With red tide giving us a much-needed reprieve in Southwest Florida, it’s a good time to think about the future. Red tides have occurred in Florida in 57 of the last 66 years, so we should expect future events. But red tide shouldn’t mean we have to avoid all of the things we enjoy doing on the Florida coast.
A new tool has been developed to forecast red tide-related respiratory conditions, and it’s being expanded to as many beaches as possible — actually, the goal is every beach, every day. This decision tool will allow beachgoers to determine where and when conditions are likely to be most favorable for visiting beaches during a red tide event.
Why is this needed? Karenia brevis, the organism that causes red tides, produces a toxin called brevetoxin. Brevetoxins may be released into the air when wind and wave actions cause the algal cells to break open.
Healthy individuals may experience some irritation on exposure, but these symptoms typically subside once they leave the impacted area. Aerosolized brevetoxins can, however, result in more severe and prolonged breathing problems for individuals with respiratory diseases, such as COPD or asthma.
Aerosol impacts vary widely from one beach to another and over the course of a day. This is due to the interaction of prevailing winds with tides and currents, which tends to bring blooms onshore in localized patches. Consequently, beaches just a mile or two apart may experience very different toxic aerosol levels.
The best protection from K. brevis toxic aerosol exposure is improved information in the form of easily accessible daily, beach-specific respiratory forecasts. This is why HABscope (http://bit.ly/2R5g4B9) was developed.
HABscope uses trained citizen scientists to collect a water sample. Using an iPod-adapted microscope, the volunteer will make a short video of the sample. The video is then uploaded to a central data site, where it is analyzed using a program trained to recognize K. brevis cells and calculate cell concentrations.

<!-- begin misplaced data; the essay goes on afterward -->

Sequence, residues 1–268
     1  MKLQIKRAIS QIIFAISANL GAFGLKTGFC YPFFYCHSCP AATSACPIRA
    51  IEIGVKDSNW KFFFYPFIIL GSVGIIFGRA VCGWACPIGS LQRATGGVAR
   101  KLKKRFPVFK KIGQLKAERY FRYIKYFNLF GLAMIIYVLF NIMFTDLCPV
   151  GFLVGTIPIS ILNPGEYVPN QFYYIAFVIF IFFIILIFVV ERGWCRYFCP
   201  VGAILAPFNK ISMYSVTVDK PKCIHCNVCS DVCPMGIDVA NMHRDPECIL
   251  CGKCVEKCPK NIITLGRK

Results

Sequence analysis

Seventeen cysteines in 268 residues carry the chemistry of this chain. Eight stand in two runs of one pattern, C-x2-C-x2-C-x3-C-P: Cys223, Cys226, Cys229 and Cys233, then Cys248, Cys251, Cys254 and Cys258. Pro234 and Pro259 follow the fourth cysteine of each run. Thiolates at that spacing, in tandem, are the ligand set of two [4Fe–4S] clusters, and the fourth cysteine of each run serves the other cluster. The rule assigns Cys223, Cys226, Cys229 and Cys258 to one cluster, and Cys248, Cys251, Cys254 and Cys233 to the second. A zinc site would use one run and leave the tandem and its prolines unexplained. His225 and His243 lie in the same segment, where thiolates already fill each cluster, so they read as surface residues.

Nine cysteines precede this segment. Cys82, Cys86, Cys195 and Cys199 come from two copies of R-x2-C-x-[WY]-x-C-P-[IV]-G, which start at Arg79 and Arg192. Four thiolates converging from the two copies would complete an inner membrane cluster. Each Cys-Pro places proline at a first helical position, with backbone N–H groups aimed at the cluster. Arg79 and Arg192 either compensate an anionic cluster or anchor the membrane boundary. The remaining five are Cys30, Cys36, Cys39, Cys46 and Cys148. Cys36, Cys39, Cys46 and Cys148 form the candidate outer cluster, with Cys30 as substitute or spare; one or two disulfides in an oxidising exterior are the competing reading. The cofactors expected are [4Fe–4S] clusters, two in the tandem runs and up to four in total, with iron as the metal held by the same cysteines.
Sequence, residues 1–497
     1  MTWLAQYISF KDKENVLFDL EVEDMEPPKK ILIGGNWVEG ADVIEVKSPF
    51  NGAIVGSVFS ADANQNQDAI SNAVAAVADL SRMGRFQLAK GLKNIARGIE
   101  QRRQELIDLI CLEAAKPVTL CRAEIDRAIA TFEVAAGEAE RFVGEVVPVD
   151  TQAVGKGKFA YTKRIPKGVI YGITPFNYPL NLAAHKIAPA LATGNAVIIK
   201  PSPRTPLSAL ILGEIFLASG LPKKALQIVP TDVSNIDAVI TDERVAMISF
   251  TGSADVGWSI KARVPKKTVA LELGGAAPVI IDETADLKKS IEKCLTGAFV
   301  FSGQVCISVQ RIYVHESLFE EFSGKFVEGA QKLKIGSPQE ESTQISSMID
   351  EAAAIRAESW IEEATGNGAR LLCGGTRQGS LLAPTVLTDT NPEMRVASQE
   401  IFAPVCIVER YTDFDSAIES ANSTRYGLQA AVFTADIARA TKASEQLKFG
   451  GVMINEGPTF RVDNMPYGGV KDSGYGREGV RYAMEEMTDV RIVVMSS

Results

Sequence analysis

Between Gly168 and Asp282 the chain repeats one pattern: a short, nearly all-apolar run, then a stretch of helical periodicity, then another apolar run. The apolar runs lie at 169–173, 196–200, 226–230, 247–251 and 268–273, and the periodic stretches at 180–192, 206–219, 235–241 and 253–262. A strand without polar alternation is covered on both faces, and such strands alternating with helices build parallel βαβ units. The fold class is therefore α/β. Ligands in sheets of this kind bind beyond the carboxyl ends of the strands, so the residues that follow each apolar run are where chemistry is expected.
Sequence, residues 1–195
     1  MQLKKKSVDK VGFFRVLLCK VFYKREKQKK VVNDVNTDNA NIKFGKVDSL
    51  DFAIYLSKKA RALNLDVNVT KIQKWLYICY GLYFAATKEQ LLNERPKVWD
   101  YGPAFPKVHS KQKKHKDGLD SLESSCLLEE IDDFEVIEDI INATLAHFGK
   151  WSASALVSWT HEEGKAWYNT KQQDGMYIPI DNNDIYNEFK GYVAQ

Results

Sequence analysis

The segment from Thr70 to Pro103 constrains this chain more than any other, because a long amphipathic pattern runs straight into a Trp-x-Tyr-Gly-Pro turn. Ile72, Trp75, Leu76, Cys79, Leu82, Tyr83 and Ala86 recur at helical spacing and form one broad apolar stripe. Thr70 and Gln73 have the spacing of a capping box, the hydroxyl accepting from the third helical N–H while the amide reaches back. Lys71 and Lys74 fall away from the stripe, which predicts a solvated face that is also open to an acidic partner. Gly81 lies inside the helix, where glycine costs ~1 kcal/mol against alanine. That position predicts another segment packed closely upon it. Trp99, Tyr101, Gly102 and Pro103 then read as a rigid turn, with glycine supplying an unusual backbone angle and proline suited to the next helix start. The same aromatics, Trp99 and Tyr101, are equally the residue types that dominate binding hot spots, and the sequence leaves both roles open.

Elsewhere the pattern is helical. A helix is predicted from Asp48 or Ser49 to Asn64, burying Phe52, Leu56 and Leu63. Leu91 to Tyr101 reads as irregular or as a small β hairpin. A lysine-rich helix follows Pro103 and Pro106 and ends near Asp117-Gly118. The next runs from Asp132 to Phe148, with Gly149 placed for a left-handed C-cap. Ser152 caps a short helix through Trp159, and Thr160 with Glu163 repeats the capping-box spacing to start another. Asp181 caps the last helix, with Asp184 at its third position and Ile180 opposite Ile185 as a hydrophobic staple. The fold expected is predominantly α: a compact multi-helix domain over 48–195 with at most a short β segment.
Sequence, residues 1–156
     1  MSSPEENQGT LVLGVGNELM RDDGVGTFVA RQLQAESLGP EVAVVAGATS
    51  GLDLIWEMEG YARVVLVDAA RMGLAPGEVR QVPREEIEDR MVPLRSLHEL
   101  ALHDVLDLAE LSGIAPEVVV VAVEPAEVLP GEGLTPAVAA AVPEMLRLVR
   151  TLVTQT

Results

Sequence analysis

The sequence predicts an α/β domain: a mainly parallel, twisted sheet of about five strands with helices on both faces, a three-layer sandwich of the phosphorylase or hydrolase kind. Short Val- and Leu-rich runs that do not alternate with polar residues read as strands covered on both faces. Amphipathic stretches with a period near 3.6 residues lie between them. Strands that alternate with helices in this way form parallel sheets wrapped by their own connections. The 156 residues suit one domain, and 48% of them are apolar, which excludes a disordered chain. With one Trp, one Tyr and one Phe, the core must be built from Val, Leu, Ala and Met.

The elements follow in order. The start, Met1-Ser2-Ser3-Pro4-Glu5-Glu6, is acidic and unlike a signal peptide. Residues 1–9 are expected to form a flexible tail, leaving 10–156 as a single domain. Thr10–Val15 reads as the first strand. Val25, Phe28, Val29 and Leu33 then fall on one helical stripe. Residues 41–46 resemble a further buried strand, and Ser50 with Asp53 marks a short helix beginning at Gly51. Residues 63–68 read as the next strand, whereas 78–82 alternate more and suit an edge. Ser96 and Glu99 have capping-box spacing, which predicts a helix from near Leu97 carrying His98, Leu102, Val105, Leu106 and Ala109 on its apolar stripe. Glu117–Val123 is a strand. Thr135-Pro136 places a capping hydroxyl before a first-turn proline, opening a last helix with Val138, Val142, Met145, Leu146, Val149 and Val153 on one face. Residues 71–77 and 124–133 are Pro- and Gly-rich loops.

NOAA scientists then combine the cell concentrations with wind speed and direction data in order to provide respiratory irritation forecasts for the day. These forecasts are communicated to the public via the HABscope website in near real-time, projected over 24 hours and updated with the latest wind models every three hours.
Now when you’re planning a trip to the beach, not only can you check the weather forecast to see if it’s going to rain, but you can also check the HABscope forecast to see if your favorite beach is experiencing favorable respiratory conditions. Just click on the pin for your beach and you’ll receive a 24-hour forecast of respiratory risk, along with wind speed and wind direction.
If conditions are OK, you’re good to go. If not, you can look for a nearby beach with better respiratory conditions. After all, a day at the beach should be an enjoyable one.
You might be wondering how to get a HABscope volunteer on your favorite beach. HABscope relies on citizen scientists who commit to sampling their assigned beach at least three or four days a week, and preferably five or six days a week, during a red tide bloom. Volunteer are encouraged to work in teams, as this reduces the burden on any one volunteer. Right now, citizen scientists are needed from Manatee County south to Collier County.
Perhaps you might consider becoming a HABscope citizen scientist. That’s great — I know a guy! Grant Craig from GCOOS is the HABscope volunteer coordinator. He can be contacted at 727-798-1232 or firstname.lastname@example.org.
Betty Staugler is the UF/IFAS Extension Charlotte County agent for the Florida Sea Grant Program. She is active in many areas relating to boating, fishing, and watershed/coastal living. Sea Grant supports research and education activities that help Florida’s shoreline communities, industries and citizens wisely use the state’s coastal and marine resources. Contact her at email@example.com or 941-764-4346.